I happen to think that all the chatter about the markets responding to the S&P downgrade is mostly misplaced. Obviously there's some reaction, but markets have been nervous for the past two weeks, and most of it seems to be related to problems in the eurozone. And I don't blame them: I'm pretty nervous about the eurozone too. Still, here's a contrarian take from Stuart Staniford. Back in the panic days of 2008, one of the financial indicators we all paid a lot of attention to was the TED spread, which measures how much banks charge to lend each other money. When it's high, it means there's a lot of stress in the system, but right now it's chugging along extremely placidly and indicating no problems at all. There's apparently no exact parallel measure for Europe, but as a rough proxy he looked at Euribor, the interbank lending rate in Europe. It's up a bit, but only a bit:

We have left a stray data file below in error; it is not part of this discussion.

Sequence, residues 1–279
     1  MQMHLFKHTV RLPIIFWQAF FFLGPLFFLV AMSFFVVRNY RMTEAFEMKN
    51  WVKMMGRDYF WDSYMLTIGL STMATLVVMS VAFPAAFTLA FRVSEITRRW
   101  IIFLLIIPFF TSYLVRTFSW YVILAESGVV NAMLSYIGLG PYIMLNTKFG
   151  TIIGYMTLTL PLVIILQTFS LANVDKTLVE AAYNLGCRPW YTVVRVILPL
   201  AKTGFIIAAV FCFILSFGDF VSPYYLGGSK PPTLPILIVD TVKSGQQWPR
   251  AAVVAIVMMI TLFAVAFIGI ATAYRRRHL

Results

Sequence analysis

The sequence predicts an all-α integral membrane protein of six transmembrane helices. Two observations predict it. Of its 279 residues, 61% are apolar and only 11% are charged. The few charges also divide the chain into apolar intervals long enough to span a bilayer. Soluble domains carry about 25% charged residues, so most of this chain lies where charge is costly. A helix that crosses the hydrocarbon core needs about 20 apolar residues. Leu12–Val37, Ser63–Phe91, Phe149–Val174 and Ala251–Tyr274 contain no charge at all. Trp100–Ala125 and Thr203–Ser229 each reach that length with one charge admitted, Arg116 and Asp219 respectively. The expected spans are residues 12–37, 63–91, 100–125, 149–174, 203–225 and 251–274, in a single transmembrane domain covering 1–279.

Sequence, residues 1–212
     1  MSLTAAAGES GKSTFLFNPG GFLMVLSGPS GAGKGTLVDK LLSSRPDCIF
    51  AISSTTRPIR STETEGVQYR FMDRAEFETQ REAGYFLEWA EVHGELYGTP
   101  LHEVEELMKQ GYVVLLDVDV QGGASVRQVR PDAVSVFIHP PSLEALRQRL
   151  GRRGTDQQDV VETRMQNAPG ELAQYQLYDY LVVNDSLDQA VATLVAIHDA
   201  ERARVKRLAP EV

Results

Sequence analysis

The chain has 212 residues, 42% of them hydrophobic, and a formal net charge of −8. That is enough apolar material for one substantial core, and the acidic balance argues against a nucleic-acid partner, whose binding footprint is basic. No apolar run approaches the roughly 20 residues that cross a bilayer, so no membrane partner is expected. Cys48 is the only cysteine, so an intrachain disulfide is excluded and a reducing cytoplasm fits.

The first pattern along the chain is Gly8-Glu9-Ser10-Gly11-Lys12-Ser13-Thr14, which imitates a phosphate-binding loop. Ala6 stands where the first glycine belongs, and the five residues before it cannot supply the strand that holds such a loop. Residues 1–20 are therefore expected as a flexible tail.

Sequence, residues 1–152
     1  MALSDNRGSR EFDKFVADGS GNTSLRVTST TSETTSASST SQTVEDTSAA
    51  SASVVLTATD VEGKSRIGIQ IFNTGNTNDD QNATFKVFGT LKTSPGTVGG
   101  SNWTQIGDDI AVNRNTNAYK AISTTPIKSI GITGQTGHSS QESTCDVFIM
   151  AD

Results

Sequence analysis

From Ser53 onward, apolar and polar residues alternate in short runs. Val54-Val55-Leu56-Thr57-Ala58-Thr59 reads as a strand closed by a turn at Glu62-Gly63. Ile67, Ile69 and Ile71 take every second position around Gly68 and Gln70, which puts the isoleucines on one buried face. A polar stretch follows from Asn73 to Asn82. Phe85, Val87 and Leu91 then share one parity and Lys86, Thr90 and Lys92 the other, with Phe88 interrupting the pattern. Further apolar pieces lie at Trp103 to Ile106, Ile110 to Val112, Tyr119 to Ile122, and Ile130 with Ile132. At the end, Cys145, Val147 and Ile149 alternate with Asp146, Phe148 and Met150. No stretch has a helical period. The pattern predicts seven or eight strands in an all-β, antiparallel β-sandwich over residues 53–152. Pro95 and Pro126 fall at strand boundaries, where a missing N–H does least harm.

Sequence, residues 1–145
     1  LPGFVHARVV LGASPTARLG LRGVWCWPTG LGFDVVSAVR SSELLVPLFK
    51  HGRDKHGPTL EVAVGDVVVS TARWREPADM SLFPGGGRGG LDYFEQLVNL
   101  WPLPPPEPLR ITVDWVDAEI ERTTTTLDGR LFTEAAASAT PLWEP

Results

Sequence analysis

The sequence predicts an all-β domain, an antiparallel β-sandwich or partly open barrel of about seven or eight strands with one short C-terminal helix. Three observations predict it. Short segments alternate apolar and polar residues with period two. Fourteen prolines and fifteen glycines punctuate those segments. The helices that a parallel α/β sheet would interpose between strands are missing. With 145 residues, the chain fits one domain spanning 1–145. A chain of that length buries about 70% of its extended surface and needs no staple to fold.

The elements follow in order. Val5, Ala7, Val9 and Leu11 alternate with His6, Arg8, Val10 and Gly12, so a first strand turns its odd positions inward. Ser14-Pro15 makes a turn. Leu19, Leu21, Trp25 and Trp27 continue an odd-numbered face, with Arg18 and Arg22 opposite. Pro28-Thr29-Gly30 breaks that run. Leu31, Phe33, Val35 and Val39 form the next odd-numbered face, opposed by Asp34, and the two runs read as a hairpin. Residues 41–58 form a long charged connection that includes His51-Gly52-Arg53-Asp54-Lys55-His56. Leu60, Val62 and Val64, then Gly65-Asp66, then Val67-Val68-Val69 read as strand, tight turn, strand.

Stuart: "This is also showing no sign of undue stress. In short there is no evidence of any kind of generalized credit crisis in markets at the moment. However, it's worth noting from the TED data at top that such things can change extremely rapidly." This is your good news of the day, such as it is.